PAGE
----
You’re beaming as you get home from a wonderful second date with a guy you just met. Not only do you have a lot in common, you also got the feeling that he had as much fun on the dates as you did. You’re confused and more hurt than you care to admit when he starts blowing you off. How do you maintain your pride when you run into him again?
Time to Hang Up
While you may quite like him, he may not be interested in you. If the guy is not answering your calls, it is a clear sign that he is blowing you off. And if you are leaving him voice mails and the guy does not have the decency to call you back, he just wants you to back off and leave him alone. So, what should you do? Stop calling him. He may have had fun on your date, but the fact that he is not getting back to you is a sure sign that he is not interested in taking this further.
Cold Shoulder From Co-Worker
You could kick yourself for breaking the cardinal rule of not dating your co-worker. But it’s water under the bridge now. You are constantly running into him and he is pretending as if he doesn’t even know you. What do you do? Follow his lead and pretend that you never hit if off outside of work. His behavior speaks volumes. So don’t worry about “clearing the air” by pulling him aside and having a chat with him. That will only make the situation more uncomfortable for both of you.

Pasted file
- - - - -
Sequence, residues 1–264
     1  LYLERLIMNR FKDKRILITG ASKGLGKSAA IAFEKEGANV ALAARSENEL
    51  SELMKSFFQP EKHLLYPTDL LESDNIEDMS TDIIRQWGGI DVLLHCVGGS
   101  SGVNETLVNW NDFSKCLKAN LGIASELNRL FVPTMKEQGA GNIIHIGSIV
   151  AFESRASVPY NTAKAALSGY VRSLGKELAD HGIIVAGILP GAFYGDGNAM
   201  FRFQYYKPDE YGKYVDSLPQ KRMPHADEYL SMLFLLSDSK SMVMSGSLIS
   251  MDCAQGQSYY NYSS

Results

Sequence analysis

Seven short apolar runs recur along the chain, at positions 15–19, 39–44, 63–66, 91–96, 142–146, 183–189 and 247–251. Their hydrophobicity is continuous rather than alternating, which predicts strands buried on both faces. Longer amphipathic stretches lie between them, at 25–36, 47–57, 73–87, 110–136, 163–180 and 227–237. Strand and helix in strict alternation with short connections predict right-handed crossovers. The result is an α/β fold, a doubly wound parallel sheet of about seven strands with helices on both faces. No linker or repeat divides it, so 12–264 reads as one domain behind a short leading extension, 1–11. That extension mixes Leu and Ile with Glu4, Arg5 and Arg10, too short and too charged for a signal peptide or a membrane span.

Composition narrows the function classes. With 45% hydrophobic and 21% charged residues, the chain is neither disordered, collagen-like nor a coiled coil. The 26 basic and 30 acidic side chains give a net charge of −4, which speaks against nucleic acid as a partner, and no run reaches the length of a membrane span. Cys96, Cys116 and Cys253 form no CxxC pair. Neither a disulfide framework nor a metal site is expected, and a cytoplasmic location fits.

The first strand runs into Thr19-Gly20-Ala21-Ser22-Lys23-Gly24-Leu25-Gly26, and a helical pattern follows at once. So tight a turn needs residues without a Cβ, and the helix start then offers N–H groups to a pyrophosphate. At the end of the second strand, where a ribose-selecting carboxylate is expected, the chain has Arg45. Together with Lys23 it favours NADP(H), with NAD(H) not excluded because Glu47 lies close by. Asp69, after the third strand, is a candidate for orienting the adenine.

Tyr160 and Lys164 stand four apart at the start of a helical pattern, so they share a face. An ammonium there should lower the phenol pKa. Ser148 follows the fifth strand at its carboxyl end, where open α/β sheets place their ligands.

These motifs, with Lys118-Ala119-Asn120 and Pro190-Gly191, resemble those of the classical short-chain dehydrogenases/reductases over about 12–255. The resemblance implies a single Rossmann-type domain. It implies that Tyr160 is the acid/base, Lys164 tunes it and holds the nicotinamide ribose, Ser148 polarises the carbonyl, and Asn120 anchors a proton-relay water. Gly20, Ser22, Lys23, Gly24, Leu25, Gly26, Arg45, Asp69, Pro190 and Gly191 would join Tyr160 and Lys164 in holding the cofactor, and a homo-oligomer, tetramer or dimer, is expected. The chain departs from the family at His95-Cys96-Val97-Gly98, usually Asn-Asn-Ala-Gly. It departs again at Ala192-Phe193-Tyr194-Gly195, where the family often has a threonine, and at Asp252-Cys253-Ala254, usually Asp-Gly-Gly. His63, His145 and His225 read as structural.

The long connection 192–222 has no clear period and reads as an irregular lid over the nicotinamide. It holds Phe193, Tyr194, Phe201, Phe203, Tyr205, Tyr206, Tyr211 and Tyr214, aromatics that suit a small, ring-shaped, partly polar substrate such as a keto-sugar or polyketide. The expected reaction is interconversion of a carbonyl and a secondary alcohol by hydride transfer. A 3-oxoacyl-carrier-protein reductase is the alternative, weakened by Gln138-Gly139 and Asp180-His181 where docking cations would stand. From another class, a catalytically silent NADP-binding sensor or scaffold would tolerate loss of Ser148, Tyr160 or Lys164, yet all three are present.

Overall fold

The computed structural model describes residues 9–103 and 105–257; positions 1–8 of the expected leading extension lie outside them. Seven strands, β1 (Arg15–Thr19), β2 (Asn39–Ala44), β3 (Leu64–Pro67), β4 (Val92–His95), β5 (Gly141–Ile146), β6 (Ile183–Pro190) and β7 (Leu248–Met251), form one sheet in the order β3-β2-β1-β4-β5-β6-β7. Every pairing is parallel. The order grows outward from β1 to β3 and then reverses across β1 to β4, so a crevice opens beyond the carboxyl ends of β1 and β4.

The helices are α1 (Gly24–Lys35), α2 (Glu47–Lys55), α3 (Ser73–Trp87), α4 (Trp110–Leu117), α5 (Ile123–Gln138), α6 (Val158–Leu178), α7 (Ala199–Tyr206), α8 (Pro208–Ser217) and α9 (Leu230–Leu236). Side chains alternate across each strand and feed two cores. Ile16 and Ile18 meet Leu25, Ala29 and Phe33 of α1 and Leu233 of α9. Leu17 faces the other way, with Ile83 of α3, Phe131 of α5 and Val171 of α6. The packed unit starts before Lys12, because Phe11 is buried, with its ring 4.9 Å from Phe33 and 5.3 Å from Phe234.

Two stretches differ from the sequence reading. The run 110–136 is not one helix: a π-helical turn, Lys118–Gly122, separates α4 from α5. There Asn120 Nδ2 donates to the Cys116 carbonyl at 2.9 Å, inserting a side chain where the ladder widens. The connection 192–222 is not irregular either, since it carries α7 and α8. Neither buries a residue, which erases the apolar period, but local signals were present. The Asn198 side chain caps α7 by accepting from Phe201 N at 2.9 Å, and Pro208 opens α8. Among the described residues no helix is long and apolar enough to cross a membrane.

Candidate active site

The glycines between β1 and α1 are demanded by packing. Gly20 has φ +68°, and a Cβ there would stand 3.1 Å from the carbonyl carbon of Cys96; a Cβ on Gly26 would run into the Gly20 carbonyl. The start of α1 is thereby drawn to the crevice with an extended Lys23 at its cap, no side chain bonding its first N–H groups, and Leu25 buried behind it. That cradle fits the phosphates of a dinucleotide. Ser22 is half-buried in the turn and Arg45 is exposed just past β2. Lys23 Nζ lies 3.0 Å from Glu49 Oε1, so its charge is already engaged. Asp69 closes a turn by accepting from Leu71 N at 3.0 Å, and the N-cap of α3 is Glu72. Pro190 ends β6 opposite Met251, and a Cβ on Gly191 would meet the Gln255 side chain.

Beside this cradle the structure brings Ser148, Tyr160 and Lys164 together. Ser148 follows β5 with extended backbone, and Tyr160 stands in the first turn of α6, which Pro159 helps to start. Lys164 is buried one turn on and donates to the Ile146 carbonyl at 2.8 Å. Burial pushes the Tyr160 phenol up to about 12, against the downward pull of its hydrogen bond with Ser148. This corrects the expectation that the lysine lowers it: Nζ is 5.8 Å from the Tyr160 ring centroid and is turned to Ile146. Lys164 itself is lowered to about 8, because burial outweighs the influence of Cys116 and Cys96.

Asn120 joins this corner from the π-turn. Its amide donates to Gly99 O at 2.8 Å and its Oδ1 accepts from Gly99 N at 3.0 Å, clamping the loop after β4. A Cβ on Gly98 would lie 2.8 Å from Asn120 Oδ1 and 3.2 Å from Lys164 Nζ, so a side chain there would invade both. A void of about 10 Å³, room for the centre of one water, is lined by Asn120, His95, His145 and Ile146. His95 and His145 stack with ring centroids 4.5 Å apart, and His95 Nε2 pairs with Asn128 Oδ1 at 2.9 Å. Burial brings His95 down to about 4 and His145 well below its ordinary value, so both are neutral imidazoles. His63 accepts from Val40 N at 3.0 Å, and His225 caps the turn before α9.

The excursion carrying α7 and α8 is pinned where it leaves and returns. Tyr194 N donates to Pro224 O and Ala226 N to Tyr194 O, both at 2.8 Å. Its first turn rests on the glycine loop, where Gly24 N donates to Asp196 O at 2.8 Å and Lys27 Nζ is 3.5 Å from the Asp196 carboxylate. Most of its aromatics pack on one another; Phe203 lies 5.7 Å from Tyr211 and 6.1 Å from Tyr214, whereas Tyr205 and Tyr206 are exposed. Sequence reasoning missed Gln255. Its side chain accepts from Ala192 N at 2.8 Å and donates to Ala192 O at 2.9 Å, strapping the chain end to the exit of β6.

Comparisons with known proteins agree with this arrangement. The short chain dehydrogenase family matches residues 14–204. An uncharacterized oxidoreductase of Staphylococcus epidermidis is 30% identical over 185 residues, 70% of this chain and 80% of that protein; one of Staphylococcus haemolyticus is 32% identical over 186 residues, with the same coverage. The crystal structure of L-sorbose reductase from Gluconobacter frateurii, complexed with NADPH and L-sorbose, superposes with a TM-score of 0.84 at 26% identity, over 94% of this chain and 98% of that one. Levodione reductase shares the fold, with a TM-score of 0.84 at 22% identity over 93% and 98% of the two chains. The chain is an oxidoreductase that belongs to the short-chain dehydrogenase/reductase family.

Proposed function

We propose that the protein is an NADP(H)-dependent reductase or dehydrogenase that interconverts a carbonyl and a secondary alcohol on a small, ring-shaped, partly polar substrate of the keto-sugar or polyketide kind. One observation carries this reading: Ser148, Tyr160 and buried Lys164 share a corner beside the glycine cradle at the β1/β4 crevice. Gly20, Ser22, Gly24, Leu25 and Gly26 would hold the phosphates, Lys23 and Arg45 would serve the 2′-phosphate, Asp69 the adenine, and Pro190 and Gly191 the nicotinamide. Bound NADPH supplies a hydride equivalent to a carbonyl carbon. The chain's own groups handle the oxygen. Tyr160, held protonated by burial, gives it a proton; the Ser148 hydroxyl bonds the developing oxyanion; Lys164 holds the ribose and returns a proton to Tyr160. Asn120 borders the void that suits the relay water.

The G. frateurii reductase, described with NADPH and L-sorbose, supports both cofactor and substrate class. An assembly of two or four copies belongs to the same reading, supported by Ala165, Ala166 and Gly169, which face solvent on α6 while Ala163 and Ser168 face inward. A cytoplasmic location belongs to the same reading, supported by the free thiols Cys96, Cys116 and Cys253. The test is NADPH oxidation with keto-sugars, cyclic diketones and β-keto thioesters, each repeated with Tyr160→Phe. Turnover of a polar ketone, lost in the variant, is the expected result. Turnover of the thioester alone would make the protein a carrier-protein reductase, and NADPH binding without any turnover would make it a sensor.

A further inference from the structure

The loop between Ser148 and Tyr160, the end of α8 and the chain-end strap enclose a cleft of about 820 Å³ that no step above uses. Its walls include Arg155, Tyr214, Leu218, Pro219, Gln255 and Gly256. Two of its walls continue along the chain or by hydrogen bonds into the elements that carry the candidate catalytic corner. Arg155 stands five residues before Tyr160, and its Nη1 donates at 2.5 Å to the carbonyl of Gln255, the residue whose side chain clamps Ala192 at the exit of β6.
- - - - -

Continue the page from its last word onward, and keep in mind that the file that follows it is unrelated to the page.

Stop Looking at His Profile
Professors H. Colleen Sinclair and Irene Frieze report in a study titled "Initial Courtship Behavior and Stalking: How Should We Draw the Line?" in the “Journal of Violence and Victims” that there is a thin line between courtship and stalking. If you begin following his virtual moves, you are probably stalking him. Anger and sadness are fueling your obsessive behavior, they report. Address these feelings by talking to friends and journaling.
Pay Attention to Responses
If you really want to confront him to ask about his intentions, read between the lines if he is vague. If he makes an excuse or offers a confusing response, gracefully move on. He is trying not to hurt your feelings. Prolonging this meeting will make you appear desperate. Hold your head high as you walk away knowing that there are plenty of other men who will welcome your affection.
Nina Edwards holds a doctorate in clinical psychology and has been writing about families and relationships since 2000. She has numerous publications in scholarly journals and often writes for relationship websites as well. Edwards is a university lecturer and practicing psychologist in New York City.